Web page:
What about a Gap Year?
A Special Message from the Dean of Admissions to All Prospective Applicants to Middlebury College
You are likely in the throes of all of the anxiety that surrounds the college admissions process in this country, and the last thing on your mind may be the prospect of taking any time off between high school and college. But could this also be the ideal time for you to step back and begin thinking about doing something that may help remind you of what your education should really be all about?
The convention in this country is that after we graduate from high school in June, we head off to college in September; that’s likely what you have in mind as well. However, as earning admission to a top college has more and more become an end in itself, and not just a means to an end, we can easily lose sight of the primary goal of our education: to discover what it is we truly care about and want to pursue further, and thereby come as close as possible to realizing our own potential.
As you may know, Middlebury has long been at the forefront in endorsing the concept of taking time off between high school and college through our February admissions program. The students who enroll here in February typically bring more to their college experience and, as a result, derive more from it. They also hold a disproportionately high number of leadership positions on campus and, on average, perform better academically.
Every year some students who are admitted for September choose to defer their enrollment for an entire year and step off the academic treadmill. Many benefit greatly from the opportunity to travel, work, or pursue other interests, and all of those options can help contribute to an even more enriching college experience, much as happens for our “Febs.”
If you ultimately decide to defer your matriculation in college, it probably still makes sense for you to go through the college admissions process while you are in high school. Once you know where you have been admitted and where you would like to enroll, you can consider the many gap year options that are available to you. Then, if you decide to ask to defer your enrollment, most colleges will ask you to send them your deposit and request the deferral, explaining what your plans are for your time off. (At Middlebury, we ask admitted students to inform us of their plan to defer no later than June 1 for purposes of enrollment management.) Normally colleges will ask only that you not enroll in a degree-granting program at another institution, and that you not apply to other colleges during your time off. You will usually need to submit financial aid forms again for the following year, but unless your family’s financial circumstances change significantly in the meantime, it is likely that your financial aid package will be similar to what was originally offered.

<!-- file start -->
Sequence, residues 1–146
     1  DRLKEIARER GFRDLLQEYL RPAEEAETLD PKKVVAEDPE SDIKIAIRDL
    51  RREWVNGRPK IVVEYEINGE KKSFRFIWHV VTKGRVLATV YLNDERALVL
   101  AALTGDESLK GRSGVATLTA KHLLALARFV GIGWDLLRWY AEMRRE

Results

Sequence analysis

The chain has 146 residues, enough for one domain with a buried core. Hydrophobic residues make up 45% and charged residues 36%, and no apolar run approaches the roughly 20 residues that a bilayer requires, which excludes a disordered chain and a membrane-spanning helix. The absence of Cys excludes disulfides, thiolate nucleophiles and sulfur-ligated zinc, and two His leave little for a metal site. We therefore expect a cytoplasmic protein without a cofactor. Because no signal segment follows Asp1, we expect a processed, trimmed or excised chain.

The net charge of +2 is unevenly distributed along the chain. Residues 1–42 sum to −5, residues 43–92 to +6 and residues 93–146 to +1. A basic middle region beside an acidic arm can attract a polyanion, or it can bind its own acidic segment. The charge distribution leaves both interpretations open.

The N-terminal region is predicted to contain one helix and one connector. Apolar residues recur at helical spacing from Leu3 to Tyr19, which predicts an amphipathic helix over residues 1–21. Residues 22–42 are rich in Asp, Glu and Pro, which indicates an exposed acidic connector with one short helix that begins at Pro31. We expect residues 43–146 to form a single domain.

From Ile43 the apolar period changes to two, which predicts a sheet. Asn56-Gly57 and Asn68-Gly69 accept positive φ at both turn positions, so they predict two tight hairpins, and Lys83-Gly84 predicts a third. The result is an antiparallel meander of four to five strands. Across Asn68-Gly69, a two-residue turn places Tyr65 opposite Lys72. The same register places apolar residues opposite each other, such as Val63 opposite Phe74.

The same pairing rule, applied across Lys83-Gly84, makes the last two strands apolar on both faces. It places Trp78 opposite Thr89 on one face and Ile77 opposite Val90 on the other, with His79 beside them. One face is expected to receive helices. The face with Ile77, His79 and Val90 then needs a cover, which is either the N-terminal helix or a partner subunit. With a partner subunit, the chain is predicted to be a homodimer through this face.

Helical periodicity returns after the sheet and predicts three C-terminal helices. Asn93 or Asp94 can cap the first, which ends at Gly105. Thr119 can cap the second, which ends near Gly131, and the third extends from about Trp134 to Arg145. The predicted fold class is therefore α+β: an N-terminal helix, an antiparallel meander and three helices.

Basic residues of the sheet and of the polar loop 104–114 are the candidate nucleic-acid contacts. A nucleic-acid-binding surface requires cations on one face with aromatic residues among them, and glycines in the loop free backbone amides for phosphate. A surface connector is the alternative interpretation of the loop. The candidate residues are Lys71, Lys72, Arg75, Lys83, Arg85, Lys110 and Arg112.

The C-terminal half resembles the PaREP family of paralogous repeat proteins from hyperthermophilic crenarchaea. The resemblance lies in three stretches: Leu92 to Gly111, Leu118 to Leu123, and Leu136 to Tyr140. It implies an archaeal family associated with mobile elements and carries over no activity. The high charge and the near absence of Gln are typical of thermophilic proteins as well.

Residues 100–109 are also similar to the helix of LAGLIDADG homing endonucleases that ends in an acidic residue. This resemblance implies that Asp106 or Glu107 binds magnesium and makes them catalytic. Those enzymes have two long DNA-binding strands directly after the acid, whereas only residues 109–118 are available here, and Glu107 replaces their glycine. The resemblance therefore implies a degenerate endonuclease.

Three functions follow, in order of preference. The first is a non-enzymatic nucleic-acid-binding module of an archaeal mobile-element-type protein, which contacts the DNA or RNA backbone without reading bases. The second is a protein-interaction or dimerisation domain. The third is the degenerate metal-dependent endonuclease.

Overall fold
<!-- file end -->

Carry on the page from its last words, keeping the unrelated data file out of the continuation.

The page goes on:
This website is designed to inform you about some of the gap year options that are available to you, many of which have been attended by Middlebury students in the past. But this list should by no means be considered comprehensive, since there are many other excellent gap year programs that are not included in this list. This list of programs should therefore not be construed as those specifically endorsed by Middlebury College.
Best wishes, and good luck with all of the decisions that lie ahead.
Dean of Admissions